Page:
Thoughts on a Surreal Depression

Here in Fresno County, in the heart of California’s San Joaquin Valley, the official unemployment rate in February to March ranged between 18.1 and 18.8 percent. I suspect it is higher in the poorer southwestern portions, especially near my hometown of Selma, about two miles from my farm.

Since 2000 we have both lost jobs and gained people, and the per capita household income is about 65% of California’s average, the average home price about half the state norm.

In some sense, all the ideas that are born on the Berkeley or Stanford campus, in the CSU and UC education, political science, and sociology departments, and among the bureaus in Sacramento are reified in places like Selma — open borders, therapeutic education curricula, massive government transfers and subsidies, big government, and intrusive regulation. Together that has created the sort of utopia that a Bay Area consultant, politico, or professor dreams of, but would never live near. Again, we in California have become the most and least free of peoples — the law-biding stifled by red tape, the non-law-biding considered exempt from accountability on the basis of simple cost-to-benefit logic. A speeder on the freeway will pay a $300 ticket for going 75mph and justifies the legions of highway patrol officers now on the road; going after an unlicensed peddler or rural dumper is a money-losing proposition for government.

The subtext, however, of most of our manifold challenges here in the other California are twofold: we have had a massive increase in population, largely driven by illegal immigration from Latin America, mostly from Oaxaca province in Mexico, and we have not created a commensurate number of jobs to facilitate the influx.

I often ask business people on the coast why there are not more industries in places like Selma other than agricultural related work that is locale specific. I would sum up their responses as something like the following: Our workforce does not have the educational and linguistic skills to justify, in global terms, the amount of wages and benefits necessary to employ them, hence jobs are mostly in service and government. Software engineering, computers, or Silicon Valley-like industry are out the question. But apparently so are large manufacturing jobs, despite an abundant workforce. As I understand employers, they seem to suggest that steel pipe, electrical wire, or radios would not be better manufactured or fabricated here, and yet still cost two to three times more than a counterpart assembled abroad.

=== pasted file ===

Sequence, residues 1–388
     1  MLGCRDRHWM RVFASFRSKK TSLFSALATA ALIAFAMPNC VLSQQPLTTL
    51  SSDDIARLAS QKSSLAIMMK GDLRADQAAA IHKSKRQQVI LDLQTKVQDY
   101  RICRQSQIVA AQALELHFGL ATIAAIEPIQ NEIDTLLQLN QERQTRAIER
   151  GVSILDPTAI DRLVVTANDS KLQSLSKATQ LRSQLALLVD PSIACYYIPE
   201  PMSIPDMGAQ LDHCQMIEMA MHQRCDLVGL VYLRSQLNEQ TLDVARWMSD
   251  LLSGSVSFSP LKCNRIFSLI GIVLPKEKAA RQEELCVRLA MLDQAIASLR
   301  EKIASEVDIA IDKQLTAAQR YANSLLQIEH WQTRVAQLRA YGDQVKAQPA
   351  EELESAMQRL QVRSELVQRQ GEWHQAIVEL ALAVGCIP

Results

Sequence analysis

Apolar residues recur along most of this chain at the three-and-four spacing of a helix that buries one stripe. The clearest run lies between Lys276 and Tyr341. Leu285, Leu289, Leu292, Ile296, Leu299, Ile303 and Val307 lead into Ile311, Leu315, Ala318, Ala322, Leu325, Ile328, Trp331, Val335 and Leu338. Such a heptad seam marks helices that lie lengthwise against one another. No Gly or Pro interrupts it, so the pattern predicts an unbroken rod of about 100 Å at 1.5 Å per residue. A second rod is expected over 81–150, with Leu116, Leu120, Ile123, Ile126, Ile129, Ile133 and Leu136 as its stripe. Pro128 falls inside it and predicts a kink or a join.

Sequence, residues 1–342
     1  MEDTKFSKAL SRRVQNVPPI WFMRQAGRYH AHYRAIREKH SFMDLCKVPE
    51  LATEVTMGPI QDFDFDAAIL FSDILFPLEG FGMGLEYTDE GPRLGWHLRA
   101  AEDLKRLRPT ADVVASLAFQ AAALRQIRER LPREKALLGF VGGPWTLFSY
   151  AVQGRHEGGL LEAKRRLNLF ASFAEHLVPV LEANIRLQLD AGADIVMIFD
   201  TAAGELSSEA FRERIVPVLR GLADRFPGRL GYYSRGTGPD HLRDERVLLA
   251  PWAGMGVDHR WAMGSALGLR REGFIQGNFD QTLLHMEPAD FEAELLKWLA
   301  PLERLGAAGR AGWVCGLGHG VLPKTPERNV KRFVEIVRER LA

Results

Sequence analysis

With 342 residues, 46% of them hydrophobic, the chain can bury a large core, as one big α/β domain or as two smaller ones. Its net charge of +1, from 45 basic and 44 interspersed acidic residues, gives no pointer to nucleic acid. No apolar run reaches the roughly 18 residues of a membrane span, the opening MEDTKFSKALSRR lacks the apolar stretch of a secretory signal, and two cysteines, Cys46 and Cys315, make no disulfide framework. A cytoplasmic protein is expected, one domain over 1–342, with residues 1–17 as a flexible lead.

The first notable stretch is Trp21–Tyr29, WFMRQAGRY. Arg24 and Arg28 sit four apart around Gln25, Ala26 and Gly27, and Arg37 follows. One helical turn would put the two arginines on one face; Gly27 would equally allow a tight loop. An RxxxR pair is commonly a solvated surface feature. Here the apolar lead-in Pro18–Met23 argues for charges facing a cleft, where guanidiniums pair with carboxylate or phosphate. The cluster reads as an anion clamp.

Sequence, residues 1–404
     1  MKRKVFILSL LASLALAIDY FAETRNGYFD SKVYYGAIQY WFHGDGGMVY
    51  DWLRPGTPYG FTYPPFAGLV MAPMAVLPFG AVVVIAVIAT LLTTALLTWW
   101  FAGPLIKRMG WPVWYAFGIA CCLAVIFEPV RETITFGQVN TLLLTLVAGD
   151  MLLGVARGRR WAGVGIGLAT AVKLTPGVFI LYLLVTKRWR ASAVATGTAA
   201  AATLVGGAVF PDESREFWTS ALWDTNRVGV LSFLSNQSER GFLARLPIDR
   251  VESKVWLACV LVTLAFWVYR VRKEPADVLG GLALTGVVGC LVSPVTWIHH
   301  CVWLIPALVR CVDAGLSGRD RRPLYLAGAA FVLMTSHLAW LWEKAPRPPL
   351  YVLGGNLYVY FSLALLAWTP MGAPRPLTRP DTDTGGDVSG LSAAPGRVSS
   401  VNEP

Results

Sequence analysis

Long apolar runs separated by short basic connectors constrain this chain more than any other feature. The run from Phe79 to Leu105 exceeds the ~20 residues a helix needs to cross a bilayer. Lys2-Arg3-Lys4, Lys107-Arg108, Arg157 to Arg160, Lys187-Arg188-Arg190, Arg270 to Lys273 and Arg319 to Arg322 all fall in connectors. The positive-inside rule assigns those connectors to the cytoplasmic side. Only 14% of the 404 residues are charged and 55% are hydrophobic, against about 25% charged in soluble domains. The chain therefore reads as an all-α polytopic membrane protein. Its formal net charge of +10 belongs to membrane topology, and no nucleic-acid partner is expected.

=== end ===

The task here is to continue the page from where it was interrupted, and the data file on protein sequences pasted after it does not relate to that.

In addition, they believe that the state government would look upon any employer of a large industry not as a partner that would alleviate unemployment and lessen county expenditures, but more or less a sort of target to regulate, advise, lecture, and chastise, both to justify the expanding government regulatory work force and to achieve a fuzzy sort of social justice. There are, of course, large plants and businesses here, but hardly enough to absorb the thousands entering the work force.

The result is about one in five adults is not working in the traditional and formal sense. A morning drive through these valley towns confirms anecdotally what statistics suggest: hundreds, no, thousands, are not employed. Construction is almost nonexistent. Agriculture is recovering, but environmentally driven water cut-offs on the West Side (250,000 acres), increasing mechanization, and past poor prices have combined to reduce by tens of thousands once plentiful farm jobs.

We live in one of the most blessed climates in the world, without major floods, earthquakes, fires, or tornadoes. The soil is unmatched. The Sierra and its rich snowpack loom immediately to the east with all its recreational, hydroelectric, and timber wealth; we are but three hours from either San Francisco or Los Angeles. And yet this is now one of the most impoverished areas in the United States, statistically in many categories of income, education, and employment well behind Appalachia.

But we are experiencing a funny sort of depression, or rather a surreal sort. I grew up with stories from my grandparents of 28 people living in my present house. My grandmother, she used to brag, had a big kettle of ham bones and beans cooking nonstop each day and fed assorted relatives as they came in from the vineyard and orchard. My grandfather made one trip to Fresno (16 miles away) every 10 days for “supplies.” The pictures I have inherited from my mother show an impoverished farm — this house unpainted and in disrepair, ancient cars and implements scattered about, a sort of farm of apparent 1910 vintage, but photographed in the 1930s — one that I could still sense traces of as a little boy here in the late 1950s.